Here’s a view of Eleventh Avenue in New York City, c. 1910. The street was dubbed “Death Avenue” around the turn of the nineteenth / twentieth centuries because of the large numbers of pedestrians killed by the freight trains (!) that ran, albeit slowly, on these street-level tracks. In an attempt to not frighten the horses, the coal-powered steam locomotives were disguised to look (somewhat) like streetcars. But I do wonder whether the horses were really fooled …

In the foreground, on the left, a delivery van waits by the curb, and a wagon loaded with barrels is driving right on the tracks, between the train’s flag-man on horseback and the train itself. To the wagon’s right (to its left as we look at the photo) is a Hansom Cab. You can see a number of other delivery and commercial vehicles, and a streetcar, next to the train.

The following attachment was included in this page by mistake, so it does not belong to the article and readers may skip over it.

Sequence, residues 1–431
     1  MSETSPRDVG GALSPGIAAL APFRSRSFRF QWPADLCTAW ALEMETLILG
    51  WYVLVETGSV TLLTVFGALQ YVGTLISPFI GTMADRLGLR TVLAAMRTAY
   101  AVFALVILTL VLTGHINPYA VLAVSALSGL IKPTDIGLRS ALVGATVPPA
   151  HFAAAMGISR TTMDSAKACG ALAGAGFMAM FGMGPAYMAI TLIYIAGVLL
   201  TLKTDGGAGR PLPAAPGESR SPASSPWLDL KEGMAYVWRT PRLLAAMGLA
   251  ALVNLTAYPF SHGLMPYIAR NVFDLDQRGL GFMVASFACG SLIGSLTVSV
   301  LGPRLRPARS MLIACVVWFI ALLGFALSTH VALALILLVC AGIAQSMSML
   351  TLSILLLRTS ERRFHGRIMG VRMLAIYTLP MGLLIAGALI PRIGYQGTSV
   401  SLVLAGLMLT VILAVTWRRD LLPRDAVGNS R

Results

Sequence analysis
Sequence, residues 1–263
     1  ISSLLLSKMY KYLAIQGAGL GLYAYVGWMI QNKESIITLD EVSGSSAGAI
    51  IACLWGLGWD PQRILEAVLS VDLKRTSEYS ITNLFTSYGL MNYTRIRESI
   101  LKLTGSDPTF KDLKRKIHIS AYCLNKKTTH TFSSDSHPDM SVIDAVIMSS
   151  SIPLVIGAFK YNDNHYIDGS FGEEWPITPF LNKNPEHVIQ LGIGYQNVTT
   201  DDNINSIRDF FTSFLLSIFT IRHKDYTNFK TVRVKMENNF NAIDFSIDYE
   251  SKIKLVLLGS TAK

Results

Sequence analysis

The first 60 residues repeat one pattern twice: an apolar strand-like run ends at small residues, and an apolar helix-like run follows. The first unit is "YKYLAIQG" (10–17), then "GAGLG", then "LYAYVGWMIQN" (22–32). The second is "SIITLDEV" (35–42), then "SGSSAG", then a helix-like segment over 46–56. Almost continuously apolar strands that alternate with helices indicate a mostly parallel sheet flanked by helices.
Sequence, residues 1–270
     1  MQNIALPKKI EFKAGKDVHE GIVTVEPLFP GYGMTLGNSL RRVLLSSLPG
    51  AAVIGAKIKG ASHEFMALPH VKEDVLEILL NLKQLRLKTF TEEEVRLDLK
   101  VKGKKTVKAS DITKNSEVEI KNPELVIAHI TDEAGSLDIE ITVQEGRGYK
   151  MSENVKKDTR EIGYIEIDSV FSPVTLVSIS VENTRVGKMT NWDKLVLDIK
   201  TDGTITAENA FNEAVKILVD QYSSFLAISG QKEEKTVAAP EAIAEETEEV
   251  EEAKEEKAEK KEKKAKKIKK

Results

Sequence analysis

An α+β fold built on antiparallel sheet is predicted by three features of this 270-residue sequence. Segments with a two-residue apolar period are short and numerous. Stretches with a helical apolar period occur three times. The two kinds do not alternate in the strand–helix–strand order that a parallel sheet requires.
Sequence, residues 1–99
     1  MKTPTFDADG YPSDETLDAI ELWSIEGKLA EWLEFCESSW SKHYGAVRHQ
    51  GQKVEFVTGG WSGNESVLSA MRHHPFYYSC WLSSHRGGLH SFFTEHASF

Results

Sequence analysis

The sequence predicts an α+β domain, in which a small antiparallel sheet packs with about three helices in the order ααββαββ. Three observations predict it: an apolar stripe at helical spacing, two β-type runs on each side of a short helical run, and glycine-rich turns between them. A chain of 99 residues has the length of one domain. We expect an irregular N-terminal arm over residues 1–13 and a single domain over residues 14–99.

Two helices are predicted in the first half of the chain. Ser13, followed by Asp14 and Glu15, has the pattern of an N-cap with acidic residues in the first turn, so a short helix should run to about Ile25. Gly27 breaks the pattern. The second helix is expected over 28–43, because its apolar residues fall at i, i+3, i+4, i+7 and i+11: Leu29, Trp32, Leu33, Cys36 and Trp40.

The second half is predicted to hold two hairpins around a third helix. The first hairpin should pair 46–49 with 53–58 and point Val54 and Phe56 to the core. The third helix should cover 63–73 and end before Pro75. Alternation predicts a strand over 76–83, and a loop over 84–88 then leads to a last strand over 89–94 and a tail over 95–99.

According to the caption on this next photo — another view of the same street —  it was supposedly taken about a year later. But I think it was actually taken on the same day (near the same time, even) as the photo above. The horse and delivery van by the curb are clearly the same in both photos.

The street-level tracks were replaced in the 1920s with an elevated track.